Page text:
Howdy partners! And welcome to this week’s Retro Review! And what’s on the review table today? How about Marvel Comics’ Nick Fury, Agent of S.H.I.E.L.D. # 3, cover dated August 1968. And why did I select this particular book? Good questions! So let me try to answer that question. It’s because this issue features a Nick Fury ghost story that just seemed appropriate for Halloween, which is just three days away!
This comic has a very nice, moody cover by artist, Jim Steranko, and in fact the comic itself was written by Jim Steranko, pencilled by Jim Steranko, inked by Dan Adkins and even colored by Jim Steranko. And as I understand it, Jim also provided the inks on the splash page, rather than Dan Adkins! The story is purported to be based on a “olde Scottish legend” and is entitled; “Dark Moon Rise, Hell Hound Kill!” Steranko gives a couple of nods to others with this story. First is, Sir Arthur Conan Doyle and his Sherlock Holmes tale; “The Hound Of The Baskervilles” and the second is, Joe Simon and Jack Kirby‘s “The Phantom Hound Of Cardiff Moor” from Captain America # 10, from January 1942!
The story opens with Nick Fury in Scotland, in the castle of Lord Gavin Ravenlock, where he has gone to visit a friend, only to find that his friend is dead, killed upon the moors of Scotland! He is also joined in the castle by three “Ghost Hunters”, their leader, Mycroft, his ward, Rachel, and a Countess Caution! (What a great name!) They are there, at the request of Lord Ravenlock, to investigate the “phenomena” going on at the castle. Exactly what is never revealed.
As the ghost hunters, plus Fury, explore the castle, Nick saves the young Rachel from a falling suit of armor, where he discovers she is blind. The castle’s caretaker, Angus MacGregor, tells them of the tale of Black Hugh and his Hell Hound. Black Hugh lost his young bride to his brother and he sought revenge on them. The Hell Hound killed the woman, but Black Hugh was killed by his brother and his ghost is said to still roam the moors at night, accompanied by the accursed hound, searching for his brother!
The ghost hunters perform a seance, where upon Black Hugh appears to them all and attempts to kill Rachel. Again Fury saves the girl and Steranko provides the reader with a nice swordfight between Black Hugh and Fury! While this battle is going on, Rachel exits the castle and goes out onto the moors in a trance. Fury gets the upper hand in the fight and Black Hugh just fades away!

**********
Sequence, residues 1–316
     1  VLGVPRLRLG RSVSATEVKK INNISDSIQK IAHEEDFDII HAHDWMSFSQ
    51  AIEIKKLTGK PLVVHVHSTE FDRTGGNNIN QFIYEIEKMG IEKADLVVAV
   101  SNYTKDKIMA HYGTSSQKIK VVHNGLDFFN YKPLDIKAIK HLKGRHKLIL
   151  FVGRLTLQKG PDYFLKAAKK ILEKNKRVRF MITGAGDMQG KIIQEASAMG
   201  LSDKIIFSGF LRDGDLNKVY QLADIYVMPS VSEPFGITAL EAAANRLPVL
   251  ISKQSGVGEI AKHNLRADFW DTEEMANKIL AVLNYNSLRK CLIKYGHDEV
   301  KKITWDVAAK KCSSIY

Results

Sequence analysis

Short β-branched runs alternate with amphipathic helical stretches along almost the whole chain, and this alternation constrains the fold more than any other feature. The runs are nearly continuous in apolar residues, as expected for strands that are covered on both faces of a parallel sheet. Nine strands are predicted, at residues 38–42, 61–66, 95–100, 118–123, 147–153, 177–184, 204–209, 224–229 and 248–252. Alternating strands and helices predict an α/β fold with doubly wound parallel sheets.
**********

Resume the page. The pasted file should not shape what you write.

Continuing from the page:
Fury leads the others in following Rachel and once again arrives just in time to save her from a Hell Hound attack! Fury manages to fight off the beast, but his hands are injured. While on the moors they discover the body of the current Lord Ravenlock and Fury and Rachel explore the “tower of terror” that is found on the property, while the others take Ravenlock’s body back to the castle.
Rachel leads Fury to a secret passage found through an Iron Maiden, where he discovers the secret of Ravenlock Castle! Steranko only has Fury explain what he has found, rather than showing the action. But the bottom line is that Nazis have been using the castle and it’s underground caverns to hide a Nazi submarine, which they have been using to raid ships at sea, as modern day pirates! In fact, Fury supposes that it’s been sightings of the sub over the years that have inspired the legend of the Loch Ness Monsteer, as Lock Ness is only a few kilometers away! A pretty neat idea, if I say so myself.
Fury is attacked by Mycroft, who is revealed as the bad guy and his modern day version of a Hell Hound. It turns out it was Mycroft, in the guise of Black Hugh that had attacked Rachel in the castle earlier. Fury manages to trap both Mycroft and the hound in the “tower of terror”, above the secret sub lair. But wrapping his story up, Nick tells that he has “crossed a couple of their fuel mixture lines and turned their sub into a floatin’ bomb!” that explodes off camera!
The final surprise is that Rachel is actually the lost daughter of Lord Ravenlock and she will now inherit the castle, as well as the title. This wraps up the issue with Nick strolling off arm in arm with Countess Caution.
Certainly not your normal super-hero tale, but a nice yarn nevertheless! A cool story with terrific art, therefore I give it four (4) out of five (5) Legion Flight Rings! See you all next week, “God willing and the creek don’t rise”!
I’d say Sterenko is a great underappreciated talent, but…he’s not underappreciated. Incredible talent, and a fascinating man. Along with Neal Adams, someone who brought the artistic revolution of the 1960s INTO comics.
True, Steranko is hardly an underated talent, but since he didn’t do all that many books, it’s all the more reason to truely appreciate and cherish the ones he did do!